Similarly, we could allow *v _{i}* to vary across individuals. In this case, it is straight forward to show that the equilibrium results are preserved, providing the variance is accepted as an accurate measure of risk.

## 5 Extension: Sharing of Expected Incomes

In the previous section, risk-sharing is limited to income shocks, i. e., the random component of individual incomes. When individuals share income shocks only, the expected income does not affect their choice of neighbors and pairwise stable networks are always inefficient because of the trade-offs between the own risk for an individual and the risk arising from a neighbor. In this section, we examine the improvement of efficiency by sharing expected incomes as well as income shocks.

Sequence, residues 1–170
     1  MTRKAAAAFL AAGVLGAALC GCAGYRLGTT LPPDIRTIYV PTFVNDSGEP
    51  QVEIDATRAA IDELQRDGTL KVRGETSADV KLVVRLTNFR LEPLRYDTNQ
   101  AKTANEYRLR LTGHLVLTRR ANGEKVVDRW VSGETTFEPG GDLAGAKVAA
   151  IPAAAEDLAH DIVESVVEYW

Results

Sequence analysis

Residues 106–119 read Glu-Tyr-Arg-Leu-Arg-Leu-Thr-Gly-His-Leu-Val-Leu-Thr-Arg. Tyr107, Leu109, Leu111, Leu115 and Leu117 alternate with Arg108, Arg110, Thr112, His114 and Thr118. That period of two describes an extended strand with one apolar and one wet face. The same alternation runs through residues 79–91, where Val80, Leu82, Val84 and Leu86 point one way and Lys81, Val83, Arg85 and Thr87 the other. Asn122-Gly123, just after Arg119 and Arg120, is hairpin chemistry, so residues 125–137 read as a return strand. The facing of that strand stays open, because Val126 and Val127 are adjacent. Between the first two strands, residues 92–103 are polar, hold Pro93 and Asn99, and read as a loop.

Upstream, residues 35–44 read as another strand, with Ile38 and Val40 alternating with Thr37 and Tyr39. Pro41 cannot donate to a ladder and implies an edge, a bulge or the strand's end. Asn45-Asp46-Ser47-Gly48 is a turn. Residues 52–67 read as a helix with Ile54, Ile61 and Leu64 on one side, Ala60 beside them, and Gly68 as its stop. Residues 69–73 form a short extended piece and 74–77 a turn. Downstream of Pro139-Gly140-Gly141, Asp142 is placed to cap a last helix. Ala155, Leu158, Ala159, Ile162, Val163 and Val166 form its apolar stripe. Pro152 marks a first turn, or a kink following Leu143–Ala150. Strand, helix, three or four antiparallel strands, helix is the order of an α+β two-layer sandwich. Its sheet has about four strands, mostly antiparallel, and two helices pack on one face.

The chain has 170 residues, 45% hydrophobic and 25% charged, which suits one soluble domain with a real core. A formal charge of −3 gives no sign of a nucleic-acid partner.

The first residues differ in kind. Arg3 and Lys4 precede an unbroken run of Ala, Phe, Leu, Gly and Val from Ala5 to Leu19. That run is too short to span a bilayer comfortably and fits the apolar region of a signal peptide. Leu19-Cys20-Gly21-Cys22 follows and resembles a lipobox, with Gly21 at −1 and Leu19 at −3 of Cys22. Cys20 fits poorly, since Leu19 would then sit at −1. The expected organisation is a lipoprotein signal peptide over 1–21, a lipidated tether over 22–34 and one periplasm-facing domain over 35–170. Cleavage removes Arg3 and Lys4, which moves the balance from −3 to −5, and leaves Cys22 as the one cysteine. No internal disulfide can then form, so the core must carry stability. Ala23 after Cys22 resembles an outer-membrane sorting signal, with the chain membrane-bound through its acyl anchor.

To identify the role of shared incomes, we assume homogeneity in risk preferences across individuals such that *AR(y)* = *a* (CARA utility) and *i* (homogeneous income shock). Since identical risk preferences lead to even connections in a pairwise stable network as shown in the previous section, we confine our attention to individual agents in a *d*-regular network who share their expected incomes as well as random shocks.

When incomes are shared, the disposable income for individual *i* is given by

For *G _{ij}* = 1 in a

*d*-regular network,

The inequality [6] is reduced as

In the inequality [7], the LHS represents the income aspect of an additional link and the RHS is the risk aspect of it. If *i* removes the link to *j*, *i*’s income fraction becomes relatively larger than her neighbors. Since *i* contributes a larger fraction to the exchange, *i*’s net income and risk are negative. In other words, *i* reduces both risks and incomes by removing a link. Similar to the trade-off between own risk and others’ risk in the previous section, now we can interpret the inequality [7] as trade-offs between incomes and risks: *i* keeps the link to *j* if and only if the benefit from the reduced net risk (the RHS of eq. [7]) does not exceed the de-benefit from the reduced net income (the LHS of eq. [7]).